The Myth of the 45-Day Startup
The best startup conversations don’t take place in conference rooms or boardrooms, they happen in backs of bars over beers, and they usually start with what-ifs.
This is exactly how ExitEvent happened. At a VIP dinner for a startup event years ago, everyone at the table was lamenting the fact that the only time we were getting out was at startup events.
I then joked that I wanted to start my own event that was just the drinking at the end part, minus all of the content at the beginning part. I’d bring on a craft brewer, give it a wacky name, and not have to worry about my social calendar anymore.
Someone said that was actually a good idea. It snowballed.
The same phenomenon happened again a few weeks ago, when another entrepreneur and I were enjoying free beer at the ShoeBoxed and Adzerk sponsored Paradoxos event at Fullsteam.
This time, the lament was over the long haul, both of us really grateful that our startups were still going strong after all this time, but taking a mental/emotional breather from how busy the last few months had been for each of us.
“Next time,” I joked, “I’m going to build something from the exit backwards.” I paused. “A 45-day startup.”
“Oh my God, I’ve thought about that too,” he laughed.
“Just to see if it could be done,” I added.
Half Joking? Or Half Just Blew Your Mind
Of course, it was a joke, much like ExitEvent was a joke. And my ego isn’t big enough (yet) to think that every word that comes out of my mouth has merit. I’m the kind of person that will repeatedly put words together that are stupid, then think about it, then rearrange the words until they won’t get me arrested.
This is also kind of what I do for a living, like most entrepreneurs, I think about things that don’t make a hell of a lot of sense until I’ve thought about them so hard that something useful comes together. Those nuggets are the seeds of entrepreneurism.
Think about the flying car.
Stay with me.
We’ve been thinking about the flying car for ages. Cars still don’t fly. We still ask: “It’s 2013. Where the hell is my flying car?”
But five years ago, we were still asking: “It’s 2008. Where the hell is my videophone?”
So this joke about the 45-day startup stuck in my mind until I turned it into a sort of economics premise. With all that we know about entrepreneurism, business, and how it all works, why isn’t there a shorter, smarter path to building a successful startup? I mean, technically, the process hasn’t really changed all that much in decades. Sure, some of the rules and tools and roadmaps have evolved, but it’s still:
1) Build something people want.
2) Make them aware of it.
3) Sell to Yahoo.
I’m kidding of course. You can also sell to Google.
This is more a philosophical question about entrepreneurism and sacred cows.
Is entrepreneurism like the music business? Beyond the one-hit wonders, artists succeed, grow, and succeed again. Sure, fame carries some weight from one record to the next, but certainly, from the Beatles forward, plenty of artists got better as they got more successful, and that increase in talent, knowing the market, knowing the game, etc. leant to their continued success.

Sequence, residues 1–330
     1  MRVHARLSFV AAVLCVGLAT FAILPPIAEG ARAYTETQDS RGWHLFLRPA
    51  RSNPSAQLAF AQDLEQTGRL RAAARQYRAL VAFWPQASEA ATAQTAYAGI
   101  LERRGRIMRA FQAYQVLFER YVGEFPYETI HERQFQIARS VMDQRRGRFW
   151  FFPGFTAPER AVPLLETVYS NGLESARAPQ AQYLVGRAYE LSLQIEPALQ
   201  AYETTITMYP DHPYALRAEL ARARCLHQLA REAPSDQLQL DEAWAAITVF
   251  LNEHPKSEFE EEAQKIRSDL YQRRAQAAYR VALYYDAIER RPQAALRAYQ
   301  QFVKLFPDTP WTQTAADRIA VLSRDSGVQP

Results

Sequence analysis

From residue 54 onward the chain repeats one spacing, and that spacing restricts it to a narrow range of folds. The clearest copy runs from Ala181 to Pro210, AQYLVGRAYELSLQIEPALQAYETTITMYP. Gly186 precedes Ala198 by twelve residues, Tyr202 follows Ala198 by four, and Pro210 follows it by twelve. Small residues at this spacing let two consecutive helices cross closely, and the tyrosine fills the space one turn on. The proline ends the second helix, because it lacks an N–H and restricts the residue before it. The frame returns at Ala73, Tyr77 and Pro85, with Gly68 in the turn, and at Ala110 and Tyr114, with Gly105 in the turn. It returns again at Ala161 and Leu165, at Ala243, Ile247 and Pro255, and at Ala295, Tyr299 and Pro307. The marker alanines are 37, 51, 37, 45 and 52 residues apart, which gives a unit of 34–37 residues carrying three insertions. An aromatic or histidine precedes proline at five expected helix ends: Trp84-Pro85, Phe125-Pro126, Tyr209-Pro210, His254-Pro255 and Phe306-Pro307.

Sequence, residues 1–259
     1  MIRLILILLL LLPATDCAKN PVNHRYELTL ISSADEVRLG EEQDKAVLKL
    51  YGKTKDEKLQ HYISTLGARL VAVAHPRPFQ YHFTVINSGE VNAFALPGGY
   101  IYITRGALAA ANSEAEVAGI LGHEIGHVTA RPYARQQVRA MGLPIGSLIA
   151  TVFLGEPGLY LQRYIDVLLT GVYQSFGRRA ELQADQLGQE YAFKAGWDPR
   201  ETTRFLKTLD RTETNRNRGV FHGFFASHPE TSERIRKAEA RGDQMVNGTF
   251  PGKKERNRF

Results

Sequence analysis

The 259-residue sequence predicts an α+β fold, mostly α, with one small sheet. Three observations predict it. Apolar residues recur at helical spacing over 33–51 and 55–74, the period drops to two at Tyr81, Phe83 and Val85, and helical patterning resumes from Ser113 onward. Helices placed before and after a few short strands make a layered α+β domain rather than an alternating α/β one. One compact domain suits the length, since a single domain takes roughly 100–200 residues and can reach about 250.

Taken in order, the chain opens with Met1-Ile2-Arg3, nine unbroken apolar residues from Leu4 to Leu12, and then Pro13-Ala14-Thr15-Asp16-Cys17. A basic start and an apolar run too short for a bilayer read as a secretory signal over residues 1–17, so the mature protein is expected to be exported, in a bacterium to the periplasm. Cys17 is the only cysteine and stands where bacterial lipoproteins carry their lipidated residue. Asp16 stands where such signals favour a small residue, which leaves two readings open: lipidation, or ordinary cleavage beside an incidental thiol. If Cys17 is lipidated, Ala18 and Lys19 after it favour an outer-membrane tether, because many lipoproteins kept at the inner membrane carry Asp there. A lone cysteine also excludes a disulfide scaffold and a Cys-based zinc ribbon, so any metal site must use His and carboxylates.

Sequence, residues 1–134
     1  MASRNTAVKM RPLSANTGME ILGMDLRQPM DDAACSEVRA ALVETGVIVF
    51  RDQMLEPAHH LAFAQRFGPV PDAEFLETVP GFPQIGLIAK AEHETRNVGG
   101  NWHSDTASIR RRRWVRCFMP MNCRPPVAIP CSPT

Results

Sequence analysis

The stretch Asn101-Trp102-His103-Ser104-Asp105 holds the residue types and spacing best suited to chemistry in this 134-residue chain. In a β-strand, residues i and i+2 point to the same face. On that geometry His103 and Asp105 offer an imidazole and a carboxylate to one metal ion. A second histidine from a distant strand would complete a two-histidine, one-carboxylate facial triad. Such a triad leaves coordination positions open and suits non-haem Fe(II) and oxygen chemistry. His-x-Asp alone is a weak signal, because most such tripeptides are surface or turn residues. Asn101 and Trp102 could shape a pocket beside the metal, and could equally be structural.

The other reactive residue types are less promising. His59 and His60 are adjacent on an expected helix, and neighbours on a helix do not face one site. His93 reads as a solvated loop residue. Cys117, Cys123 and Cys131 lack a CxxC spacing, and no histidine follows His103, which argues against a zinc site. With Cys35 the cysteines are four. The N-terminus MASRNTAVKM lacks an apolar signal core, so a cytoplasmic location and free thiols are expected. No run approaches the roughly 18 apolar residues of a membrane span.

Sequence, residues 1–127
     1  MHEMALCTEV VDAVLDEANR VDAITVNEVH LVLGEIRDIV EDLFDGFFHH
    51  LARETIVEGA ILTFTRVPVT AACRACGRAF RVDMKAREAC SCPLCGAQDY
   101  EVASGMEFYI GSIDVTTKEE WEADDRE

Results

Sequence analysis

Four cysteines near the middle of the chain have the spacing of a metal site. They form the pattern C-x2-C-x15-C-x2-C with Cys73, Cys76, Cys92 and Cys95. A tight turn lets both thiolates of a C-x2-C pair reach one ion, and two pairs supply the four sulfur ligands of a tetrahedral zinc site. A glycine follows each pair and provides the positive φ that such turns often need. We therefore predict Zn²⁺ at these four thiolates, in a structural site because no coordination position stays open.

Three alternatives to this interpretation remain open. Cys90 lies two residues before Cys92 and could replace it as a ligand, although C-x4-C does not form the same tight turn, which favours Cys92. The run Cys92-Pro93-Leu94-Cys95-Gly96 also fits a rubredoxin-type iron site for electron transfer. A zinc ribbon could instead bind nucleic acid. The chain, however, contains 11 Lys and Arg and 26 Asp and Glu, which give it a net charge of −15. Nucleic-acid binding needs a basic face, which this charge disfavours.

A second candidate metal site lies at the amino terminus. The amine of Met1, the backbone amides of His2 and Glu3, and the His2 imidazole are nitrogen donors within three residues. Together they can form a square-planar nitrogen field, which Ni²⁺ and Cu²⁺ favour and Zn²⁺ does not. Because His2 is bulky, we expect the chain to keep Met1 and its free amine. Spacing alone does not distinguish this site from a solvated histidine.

Investors love repeat founders.
So are startups art?
Anyway, I found out quickly that no one really agrees with me and my econo-startup theory. Certainly, trying to pull off a 45-day startup here in the Triangle would be much more difficult than, well, than a lot of places. We don’t have the capital, so we certainly don’t have the wild-eyed crazy capital it would take to move that fast, and we don’t have the soft landings, the acquirers, that could create a small-to-middling exit on some promising technology.
So yeah, I know it’d be next to impossible, but is it possible?
The world is getting smaller. Location, while still a huge factor, is at least declining in importance (and not increasing). There is Skype, there are alternatives to VC and even angel funding to get to the relatively new concept of minimum viable product, which then has robust web and mobile distribution systems to be sold through, and turnkey payment systems with which to collect revenue.
There are freelancers, outsources, and just about any task can be crowdsourced to a cheap labor force. There are startup weekends and hackathons and the sharing economy – Surely there are common elements among all these by which one could eventually MacGyver a SnapChat out of some string and a paper clip.
So Why Isn’t It Any Easier?
And here’s where you get to the slippery slope that inevitably ends in something like the dot-com crash.
Again, my interest in this is purely academic. The concept of a 45-day startup shouldn’t be coming from me, it should be coming from some idealistic 20-something who hasn’t had their first life beatdown yet.
But at the same time there is something there. I know it. And I think it’s in the education part. It would be awesome to set up a lab, experiment, and collect and analyze the data, but a lot of that data exists in stealth mode or in the still-hushed-whispers of failure.
At the same time, I think exploring the concept is necessary. After all, what are we selling as entrepreneurial education – is it work hard, stay lean, and get lucky? Is it still the mechanics of the business plan? Or should we be discovering and passing on faster, better, smarter ways of getting from idea to exit, all the while creating happy customers?
Editor’s note: Joe Procopio is a serial entrepreneur, writer, and speaker. He is VP of Product at Automated Insights and the founder of startup network and news resource ExitEvent. Follow him at @jproco or read him at http://joeprocopio.com